Cats accumulate plaque on their teeth just like we do, and if not removed, it hardens to form tartar, which irritates the gums causing gingivitis and can ultimately lead to tooth loss. Bacteria build-up in your cat's mouth can lead to further complications such as heart and kidney issues.
Fortunately, the most common forms of dental disease in cats are preventable or treatable.
Gingivitis is when the gums around the teeth become red, swollen and painful. The build-up of plaque (the film that contains bacteria) is generally the cause of gingivitis. Gingivitis may also be causes by infectious or systemic diseases, such as feline leukemia virus, feline immunodeficiency virus, feline calicivirus, severe kidney disease, diabetes, and autoimmune disease. When one of these systemic diseases is present, the cat may also have inflammation or sores in other parts of the pink mucous lining of the mouth, a condition known as stomatitis. When gingivitis is not controlled, it can lead to periodontitis, which may lead to loose teeth and tooth loss.
Tooth resorption is when the structure of the tooth breaks down from the inside. Tooth resorption is the most common cause of tooth loss in cats and cause of resorption is not known and it may or may not be associated with gingivitis. Tooth resorption can be very painful, and in some cases can be managed and in others, the tooth will need to be removed.
How to Know When There is a Problem
Your cat's breath is a good indicator of its mouth health. Start smelling your cat's breath now so you get a baseline of what healthy breath smells like for your cat - because just like people, everyone's breath smells a little different. If your cat's breath starts smelling bad, you should get a dental exam as soon as possible, as this likely indicates bacteria is brewing and possibly advanced dental disease. You should also look into your cat's mouth regularly and check for cracked or broken teeth, redness in the gums, or visible tarter on the teeth.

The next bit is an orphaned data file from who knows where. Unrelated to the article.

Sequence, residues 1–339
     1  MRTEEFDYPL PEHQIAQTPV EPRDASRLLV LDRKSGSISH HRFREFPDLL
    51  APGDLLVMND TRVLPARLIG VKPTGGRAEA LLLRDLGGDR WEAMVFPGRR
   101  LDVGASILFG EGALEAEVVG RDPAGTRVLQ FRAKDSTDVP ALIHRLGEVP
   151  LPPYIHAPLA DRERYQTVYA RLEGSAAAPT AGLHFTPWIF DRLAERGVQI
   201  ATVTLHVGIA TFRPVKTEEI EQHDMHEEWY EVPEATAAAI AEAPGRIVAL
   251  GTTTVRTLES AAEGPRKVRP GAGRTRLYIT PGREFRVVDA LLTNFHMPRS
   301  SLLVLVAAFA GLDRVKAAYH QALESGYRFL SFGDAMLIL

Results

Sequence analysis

Behavioral changes can also indicate dental issues. If your cat stops eating, suddenly becomes finicky about food, is drooling, or turning his head to the side when chewing, he could be experiencing pain in his mouth as he eats and associating that with the flavor/texture of the food. Dental pain can also be the source of intercat aggression and other unwanted behaviors.
What You Can Do About It
Brushing - Start brushing your cat's teeth when they are young. Even when you do, cats often resist teeth brushing. There are small finger-sized brushes made specifically for cats' mouths. Luckily there are other products on the market now that are easier to administer.
Oral Hygiene Gels - Talk to your vet about oral hygiene gels that contain enzymes which inhibit bacteria that cause plaque formation. You can apply these gels directly to the teeth or mix with food or tuna juice.
Water Additives - There are also new water additive products on the market - I have not tried any of these and can't attest to their long-term effectiveness.
Dental Chews - There are several dental chews available on the market - just be sure to include those calories into the daily intake of your cat's diet. I don't recommend dry food diets to prevent and remove plaque because they also cause dehydration, which can lead to serious medical issues.
Raw Chicken Bones - You can give your cat raw chicken bones to chew on to remove plaque. The raw bone doesn't splinter (cooked ones do, so don't give those to your cat) and your cat will enjoy gnawing the meat and
If you see any signs of dental issues, take your cat to the vet right away.